Chapter I. Rights of the Individual.—No more timely, solemn, or important utterance has been given by any jurist in recent years than that of Supreme Court Justice Gaynor of the New York State Courts, in relation to the “mugging” of the Duffy boy. In this case the police kept the photograph of the boy in the “rogues' gallery," although he had not been convicted of crime. The judge is entitled to the gratitude of all lovers of free institutions for his brave words in behalf of constitutional rights for the weak and unfortunate. In many instances, persons in authority have thus violated the rights guaranteed to the individual by the Constitution. There is no place in our system of government for an autocrat. No official, however high, is above the law. He has no right or lawful power to do anything unless the laws permit him to do it, and then only in the manner and way which the law prescribes. That is our government. The opposite is despotism: for if an official sets himself above the law, he becomes a despot in an actual manner.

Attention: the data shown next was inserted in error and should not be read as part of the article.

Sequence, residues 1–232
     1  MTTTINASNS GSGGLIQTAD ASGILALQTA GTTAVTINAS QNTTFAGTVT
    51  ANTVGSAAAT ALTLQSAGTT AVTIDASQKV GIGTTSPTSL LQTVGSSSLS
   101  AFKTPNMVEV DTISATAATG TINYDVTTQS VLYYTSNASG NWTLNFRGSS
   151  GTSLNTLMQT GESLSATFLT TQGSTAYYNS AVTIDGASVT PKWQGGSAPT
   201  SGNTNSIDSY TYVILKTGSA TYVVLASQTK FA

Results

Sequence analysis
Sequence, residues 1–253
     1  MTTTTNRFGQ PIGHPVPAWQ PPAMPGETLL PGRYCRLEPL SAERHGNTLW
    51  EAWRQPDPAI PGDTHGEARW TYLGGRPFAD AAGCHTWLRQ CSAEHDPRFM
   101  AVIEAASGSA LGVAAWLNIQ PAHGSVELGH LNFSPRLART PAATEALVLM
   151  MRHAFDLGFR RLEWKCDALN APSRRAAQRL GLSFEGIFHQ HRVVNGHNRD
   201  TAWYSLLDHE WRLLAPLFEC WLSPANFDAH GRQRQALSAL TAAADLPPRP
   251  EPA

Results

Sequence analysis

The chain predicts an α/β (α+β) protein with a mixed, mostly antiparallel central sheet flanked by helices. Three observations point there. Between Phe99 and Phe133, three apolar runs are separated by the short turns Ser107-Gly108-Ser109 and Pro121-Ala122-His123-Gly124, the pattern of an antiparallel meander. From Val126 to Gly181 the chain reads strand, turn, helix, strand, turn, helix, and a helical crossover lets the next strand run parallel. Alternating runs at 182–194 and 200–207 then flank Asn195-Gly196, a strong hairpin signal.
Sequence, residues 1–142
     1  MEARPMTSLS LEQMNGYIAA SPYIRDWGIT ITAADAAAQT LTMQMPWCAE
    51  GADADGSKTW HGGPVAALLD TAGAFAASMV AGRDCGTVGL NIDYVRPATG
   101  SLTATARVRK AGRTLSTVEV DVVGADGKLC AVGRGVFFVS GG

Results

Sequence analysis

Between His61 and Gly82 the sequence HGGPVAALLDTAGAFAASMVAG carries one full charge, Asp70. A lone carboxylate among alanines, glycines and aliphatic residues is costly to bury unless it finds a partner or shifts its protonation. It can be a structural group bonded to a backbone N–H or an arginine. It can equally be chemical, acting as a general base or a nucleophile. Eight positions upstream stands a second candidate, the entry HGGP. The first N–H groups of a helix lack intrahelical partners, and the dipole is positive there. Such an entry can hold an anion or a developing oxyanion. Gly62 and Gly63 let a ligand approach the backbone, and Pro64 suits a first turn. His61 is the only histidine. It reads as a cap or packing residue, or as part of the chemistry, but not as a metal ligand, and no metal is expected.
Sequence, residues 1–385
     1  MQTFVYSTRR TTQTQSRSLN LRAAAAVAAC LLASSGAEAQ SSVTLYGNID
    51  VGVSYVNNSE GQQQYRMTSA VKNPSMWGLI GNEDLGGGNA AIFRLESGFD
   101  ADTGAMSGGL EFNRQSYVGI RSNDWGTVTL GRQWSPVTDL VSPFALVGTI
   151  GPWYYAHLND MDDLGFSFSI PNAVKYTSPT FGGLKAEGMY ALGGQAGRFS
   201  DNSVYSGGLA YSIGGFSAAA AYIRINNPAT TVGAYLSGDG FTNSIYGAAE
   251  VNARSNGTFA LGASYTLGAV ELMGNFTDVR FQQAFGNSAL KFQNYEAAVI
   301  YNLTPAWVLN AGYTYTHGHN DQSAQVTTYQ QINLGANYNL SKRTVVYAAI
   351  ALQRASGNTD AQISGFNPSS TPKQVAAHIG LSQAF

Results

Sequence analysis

Ch. I. Youth and Patriotism.–Of Lincoln's enlistment of 2,500,000 soldiers, 2,000,000 were under the age of 21, 1,000,000 under the age of 18, and 100,000 under 15. Even in those stirring times when patriotism and high resolve were at the flood, no one re